How Drinking Eggnog Became Synonymous With Christmas Festivities

These days, as soon as the weather begins to cool down, you can walk into pretty much any grocery store and grab a carton or two of eggnog. While there may be some debate as to when eggnog season officially starts, it is probably safe to say that the holiday season just wouldn't be the same without this sweet and creamy beverage. However, it wasn't always so easy to get your hands on this festive nog, and the recipe has certainly changed over the years.

While your everyday grocery store eggnog is usually sold right next to the milk, the traditional homemade recipe was a little bit stronger, not to mention less kid-friendly. Traditionally, eggnog is made with milk, egg yolks, sugar, spices like nutmeg, cinnamon, and vanilla, and a hefty dose of rum or whiskey, according to Food Network. But while there are certainly plenty of ways to spike your drink with some extra holiday fun, these days, everyone from your grandmother to your youngest child can enjoy a glass of store-bought eggnog on Christmas morning. But how exactly did this sweet concoction become so integral to the holiday season? It turns out, we have Medieval monks to thank for this popular Christmas drink.

Eggnog was a favorite of the American colonists

In Britain during the 13th century, monks were known to make "posset," an ale that was mixed with milk, eggs, figs, and sherry, according to Time. Because its main ingredients were considered pricey luxuries at the time, the beverage was usually reserved for times of good prosperity. However, it didn't become associated with Christmas specifically until the 1700s, when the drink made its way to America.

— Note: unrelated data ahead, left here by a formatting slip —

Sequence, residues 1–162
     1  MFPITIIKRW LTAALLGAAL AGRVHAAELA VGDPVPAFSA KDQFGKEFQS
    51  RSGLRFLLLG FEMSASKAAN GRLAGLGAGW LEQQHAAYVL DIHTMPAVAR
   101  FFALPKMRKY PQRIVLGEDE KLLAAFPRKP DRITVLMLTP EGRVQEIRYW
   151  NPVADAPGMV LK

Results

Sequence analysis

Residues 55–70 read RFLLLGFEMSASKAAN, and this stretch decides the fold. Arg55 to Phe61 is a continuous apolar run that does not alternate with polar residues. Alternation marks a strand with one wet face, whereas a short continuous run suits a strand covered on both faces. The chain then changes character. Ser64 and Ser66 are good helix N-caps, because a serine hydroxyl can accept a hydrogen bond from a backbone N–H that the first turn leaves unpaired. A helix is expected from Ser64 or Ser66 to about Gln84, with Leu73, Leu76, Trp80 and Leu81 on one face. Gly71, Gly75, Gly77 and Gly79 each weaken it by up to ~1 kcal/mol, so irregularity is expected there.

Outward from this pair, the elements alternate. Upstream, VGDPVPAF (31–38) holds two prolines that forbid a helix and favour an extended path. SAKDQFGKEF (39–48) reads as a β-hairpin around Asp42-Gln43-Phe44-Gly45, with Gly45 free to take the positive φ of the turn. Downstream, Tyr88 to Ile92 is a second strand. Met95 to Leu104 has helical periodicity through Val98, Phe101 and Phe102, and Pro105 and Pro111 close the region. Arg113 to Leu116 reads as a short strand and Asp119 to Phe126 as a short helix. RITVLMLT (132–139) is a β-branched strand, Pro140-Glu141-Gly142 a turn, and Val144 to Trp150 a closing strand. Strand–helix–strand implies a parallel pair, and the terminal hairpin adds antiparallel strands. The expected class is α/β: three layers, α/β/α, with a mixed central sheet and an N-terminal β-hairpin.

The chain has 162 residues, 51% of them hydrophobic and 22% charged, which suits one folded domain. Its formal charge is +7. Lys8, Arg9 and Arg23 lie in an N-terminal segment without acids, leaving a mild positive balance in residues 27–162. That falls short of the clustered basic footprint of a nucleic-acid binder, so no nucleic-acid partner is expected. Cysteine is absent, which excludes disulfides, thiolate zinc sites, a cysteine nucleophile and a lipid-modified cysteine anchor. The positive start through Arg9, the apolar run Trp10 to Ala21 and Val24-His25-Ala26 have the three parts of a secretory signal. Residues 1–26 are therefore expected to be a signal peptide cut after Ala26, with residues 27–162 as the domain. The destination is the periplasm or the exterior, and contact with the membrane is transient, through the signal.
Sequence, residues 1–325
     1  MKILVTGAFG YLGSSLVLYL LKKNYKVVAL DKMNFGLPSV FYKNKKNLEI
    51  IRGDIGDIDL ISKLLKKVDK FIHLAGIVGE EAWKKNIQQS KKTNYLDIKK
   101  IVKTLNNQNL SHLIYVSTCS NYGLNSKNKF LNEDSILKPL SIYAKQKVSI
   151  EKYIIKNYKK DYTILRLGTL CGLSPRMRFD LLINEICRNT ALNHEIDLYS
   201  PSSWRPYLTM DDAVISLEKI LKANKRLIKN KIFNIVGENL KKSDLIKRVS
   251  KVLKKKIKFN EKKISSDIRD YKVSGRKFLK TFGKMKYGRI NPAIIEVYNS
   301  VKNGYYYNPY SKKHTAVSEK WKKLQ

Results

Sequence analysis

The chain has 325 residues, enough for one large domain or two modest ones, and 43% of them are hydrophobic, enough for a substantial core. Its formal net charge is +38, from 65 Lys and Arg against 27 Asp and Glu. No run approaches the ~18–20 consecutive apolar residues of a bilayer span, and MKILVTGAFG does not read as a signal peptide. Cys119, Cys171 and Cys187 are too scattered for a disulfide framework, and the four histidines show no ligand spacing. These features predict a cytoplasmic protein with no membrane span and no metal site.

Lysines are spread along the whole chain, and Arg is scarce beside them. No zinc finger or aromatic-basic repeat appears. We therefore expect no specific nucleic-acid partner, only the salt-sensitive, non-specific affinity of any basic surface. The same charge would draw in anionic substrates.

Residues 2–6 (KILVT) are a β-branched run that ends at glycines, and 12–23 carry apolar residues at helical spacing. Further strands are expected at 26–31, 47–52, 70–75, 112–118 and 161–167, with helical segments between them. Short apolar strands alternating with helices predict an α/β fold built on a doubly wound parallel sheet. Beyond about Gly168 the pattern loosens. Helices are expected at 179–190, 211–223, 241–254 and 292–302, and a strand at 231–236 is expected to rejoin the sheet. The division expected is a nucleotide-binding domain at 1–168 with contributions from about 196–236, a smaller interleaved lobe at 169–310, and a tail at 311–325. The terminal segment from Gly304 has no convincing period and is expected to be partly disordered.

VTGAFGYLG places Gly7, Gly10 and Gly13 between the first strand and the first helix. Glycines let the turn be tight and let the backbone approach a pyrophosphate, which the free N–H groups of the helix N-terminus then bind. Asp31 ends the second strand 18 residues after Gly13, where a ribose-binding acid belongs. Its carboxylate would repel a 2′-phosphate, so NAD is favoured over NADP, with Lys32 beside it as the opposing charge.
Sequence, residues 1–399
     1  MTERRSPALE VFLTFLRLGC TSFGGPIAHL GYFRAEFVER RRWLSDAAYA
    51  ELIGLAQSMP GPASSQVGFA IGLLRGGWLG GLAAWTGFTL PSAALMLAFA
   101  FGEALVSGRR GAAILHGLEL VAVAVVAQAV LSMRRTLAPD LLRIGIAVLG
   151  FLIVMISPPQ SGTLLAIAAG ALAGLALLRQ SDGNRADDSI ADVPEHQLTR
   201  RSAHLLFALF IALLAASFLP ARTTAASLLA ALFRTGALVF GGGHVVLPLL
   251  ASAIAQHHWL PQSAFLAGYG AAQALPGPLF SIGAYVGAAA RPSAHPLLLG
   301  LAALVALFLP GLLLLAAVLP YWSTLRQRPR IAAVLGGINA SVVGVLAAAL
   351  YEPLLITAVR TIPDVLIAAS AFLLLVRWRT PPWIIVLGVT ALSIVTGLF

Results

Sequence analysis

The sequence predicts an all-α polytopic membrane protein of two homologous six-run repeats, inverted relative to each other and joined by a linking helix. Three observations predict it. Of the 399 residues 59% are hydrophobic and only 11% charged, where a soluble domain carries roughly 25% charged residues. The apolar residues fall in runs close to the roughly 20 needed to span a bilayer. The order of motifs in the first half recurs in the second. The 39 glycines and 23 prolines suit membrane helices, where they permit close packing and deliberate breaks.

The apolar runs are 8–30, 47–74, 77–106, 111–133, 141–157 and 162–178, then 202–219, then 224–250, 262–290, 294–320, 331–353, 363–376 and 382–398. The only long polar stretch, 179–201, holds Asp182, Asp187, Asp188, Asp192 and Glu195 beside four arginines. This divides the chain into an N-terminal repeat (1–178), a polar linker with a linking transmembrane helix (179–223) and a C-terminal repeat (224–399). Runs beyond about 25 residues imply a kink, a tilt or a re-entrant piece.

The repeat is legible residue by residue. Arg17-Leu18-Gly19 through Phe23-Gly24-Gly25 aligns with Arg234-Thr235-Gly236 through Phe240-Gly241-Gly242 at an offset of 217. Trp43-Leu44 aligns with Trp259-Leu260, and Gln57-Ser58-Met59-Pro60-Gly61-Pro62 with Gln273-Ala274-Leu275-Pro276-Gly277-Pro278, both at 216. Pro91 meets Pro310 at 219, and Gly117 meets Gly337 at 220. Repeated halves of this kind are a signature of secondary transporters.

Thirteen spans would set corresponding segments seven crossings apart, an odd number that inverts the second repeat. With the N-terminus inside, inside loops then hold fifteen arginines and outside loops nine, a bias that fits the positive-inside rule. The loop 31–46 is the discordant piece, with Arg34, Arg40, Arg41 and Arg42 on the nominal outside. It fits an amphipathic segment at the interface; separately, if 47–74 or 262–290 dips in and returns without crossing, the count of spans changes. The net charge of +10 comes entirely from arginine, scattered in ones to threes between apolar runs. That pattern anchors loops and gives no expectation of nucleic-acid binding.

Colonists in the New World might not have had much, but they did have farms that gave them access to plenty of chickens and cows, and therefore eggs and milk, as well as large quantities of cheap rum, per Time. They enjoyed the warming effect of the spiced boozy beverage during the cold winter months, adding more seasonal spices, such as nutmeg, cinnamon, and vanilla, to make it a truly festive holiday drink, according to Insider. These days, eggnog is still very much synonymous with Christmas festivities, but one doesn't have to have their own farm to enjoy the eggnog. However, store-bought eggnog is slightly different than the traditional recipe, containing just a "mixture of milk or milk products of at least 6% butterfat, at least 1% egg yolk solids, sweetener, and flavoring," and zero alcohol, says Ethical Foods. But if you really want to embrace this holiday tradition, there are plenty of ways to make old-fashioned eggnog in your own kitchen this Christmas season.